• Modified layouts. Lenovo just couldn't help themselves from modifying the standard ThinkPad layout (which in all honesty is almost as good as the 84-key SSK layout). So on the T420 they did something stupid and enlarged the delete and esc keys. Some may not mind it, but it screws with my touch typing when I'm expecting a consistently sized key.
  • Removal of the integrated numpad, LED indicators and dedicated audio buttons; why??? People who use a ThinkPad typically want those features.
  • Push to copy other OEMs with ultimately chiclet keys with a low travel

That aside, what are some positives about the Lenovo TP keyboards? Well the new chiclet keyboards do still feel better than HP, Dell or Apple--and the TrackPoint is just as usable as it was on the old machines, if not more-so. But there's a catch, if you don't order the backlit keyboard you'll end up with a very cruddy feeling switch. For whatever reason Lenovo has reduced the switch feel on the non-backlit keyboards dramatically. Fortunately the coating that's etched away for the backlit legends has a very soft feeling so you get something ironically similar to the original vintage Lexmark keyboards.

I find that sometimes my fingers are prone to pressing multiple keys by accident on the Lenovo keyboards because the keys are so shallow and don't have defined ridges, not to mention the smaller travel distance doesn't help. I'm sure if I were to force myself to type on it every day I could eventually master them. But that's actually terrible for touch typing since you're compromising your muscle memory to something unnatural.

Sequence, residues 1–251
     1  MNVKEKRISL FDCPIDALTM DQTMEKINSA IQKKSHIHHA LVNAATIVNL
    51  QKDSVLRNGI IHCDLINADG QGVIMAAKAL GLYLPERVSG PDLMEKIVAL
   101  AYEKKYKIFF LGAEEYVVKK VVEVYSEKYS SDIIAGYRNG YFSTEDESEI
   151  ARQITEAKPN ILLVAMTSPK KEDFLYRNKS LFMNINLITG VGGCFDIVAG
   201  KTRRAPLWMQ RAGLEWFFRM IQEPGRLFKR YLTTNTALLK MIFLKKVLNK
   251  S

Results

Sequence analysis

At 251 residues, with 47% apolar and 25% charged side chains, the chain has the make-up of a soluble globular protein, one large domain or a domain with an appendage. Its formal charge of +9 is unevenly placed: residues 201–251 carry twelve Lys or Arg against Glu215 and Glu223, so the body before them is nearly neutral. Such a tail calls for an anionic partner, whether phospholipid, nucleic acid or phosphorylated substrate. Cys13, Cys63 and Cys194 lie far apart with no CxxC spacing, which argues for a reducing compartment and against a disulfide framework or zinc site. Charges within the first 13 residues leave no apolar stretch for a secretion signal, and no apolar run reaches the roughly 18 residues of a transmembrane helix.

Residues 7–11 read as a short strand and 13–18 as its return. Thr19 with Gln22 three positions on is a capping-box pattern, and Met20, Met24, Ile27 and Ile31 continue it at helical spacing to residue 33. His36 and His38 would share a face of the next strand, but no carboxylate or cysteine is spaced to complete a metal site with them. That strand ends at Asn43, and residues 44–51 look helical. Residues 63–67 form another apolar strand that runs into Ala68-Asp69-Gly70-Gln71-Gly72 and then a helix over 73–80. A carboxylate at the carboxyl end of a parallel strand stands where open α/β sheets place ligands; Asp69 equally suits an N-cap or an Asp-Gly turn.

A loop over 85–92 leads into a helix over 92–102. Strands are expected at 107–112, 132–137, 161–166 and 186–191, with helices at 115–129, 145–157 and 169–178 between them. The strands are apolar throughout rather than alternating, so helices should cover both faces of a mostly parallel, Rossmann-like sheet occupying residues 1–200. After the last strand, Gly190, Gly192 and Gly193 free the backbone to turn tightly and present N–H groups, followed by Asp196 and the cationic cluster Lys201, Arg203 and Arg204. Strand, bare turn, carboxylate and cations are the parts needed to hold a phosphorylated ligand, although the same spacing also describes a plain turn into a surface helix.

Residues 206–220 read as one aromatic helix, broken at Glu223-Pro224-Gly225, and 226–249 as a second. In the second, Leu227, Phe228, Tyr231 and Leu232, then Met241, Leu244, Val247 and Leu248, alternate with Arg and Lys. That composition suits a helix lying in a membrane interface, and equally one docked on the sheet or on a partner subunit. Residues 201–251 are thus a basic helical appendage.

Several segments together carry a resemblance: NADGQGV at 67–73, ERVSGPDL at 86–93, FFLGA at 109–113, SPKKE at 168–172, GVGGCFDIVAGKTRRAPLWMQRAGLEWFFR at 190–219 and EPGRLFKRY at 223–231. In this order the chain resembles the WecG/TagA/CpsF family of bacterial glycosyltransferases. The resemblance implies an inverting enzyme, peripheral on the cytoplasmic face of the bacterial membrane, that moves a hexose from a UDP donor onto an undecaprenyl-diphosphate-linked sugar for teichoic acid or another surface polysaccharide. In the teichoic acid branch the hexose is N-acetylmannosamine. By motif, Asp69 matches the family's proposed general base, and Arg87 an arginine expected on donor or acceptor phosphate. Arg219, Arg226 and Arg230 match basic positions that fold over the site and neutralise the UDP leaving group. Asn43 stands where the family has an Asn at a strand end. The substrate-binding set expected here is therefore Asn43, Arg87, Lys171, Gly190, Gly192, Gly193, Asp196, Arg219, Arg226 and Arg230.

TLDR: Lenovo ThinkPad keyboards are still the best of the competition, but are less accurate and don't have as much travel distance as the original ThinkPads.
Findecanor wrote:Oh, so the TrackWrite was made by Key Tronic. :O That makes two different keyboards from Key Tronic that have been called "Butterfly". The first instance was marketing for their light linear foam-and-foil switch.

BTW, there is only a stub available for ThinkPad keyboard in the Wiki.

That's funny, Foam 'n Foil... that foam is delicate stuff. Especially on the Apple Lisa keyboards where you have to replace it.

I've never used the Deskthority Wiki before; is it similar to Wikipedia? Definitely wouldn't mind updating it since a lot of these switches are known to ThinkPads users verbatim via word of mouth.
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Unread post26 Dec 2016, 02:29

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Thanks for the response! The Thinkpad keyboards are still one of the best, if not the best when it comes to laptop keyboards (most laptop keyboards awful, so they are not hard to beat). Much has been said about the new style Thinkpad keyboard compared to the classic Thinkpad keyboard. I actually like the key feel on the newer Thinkpad keyboards better than the old ones, as the new keyboards feel snappier (although shallower). But the other aspects of the classic Thinkpad (audio buttons, integrated numpad, indicator lights, key travel, key style and size) were wonderful and I miss them, and I like the giant Esc and Delete keys on the T420.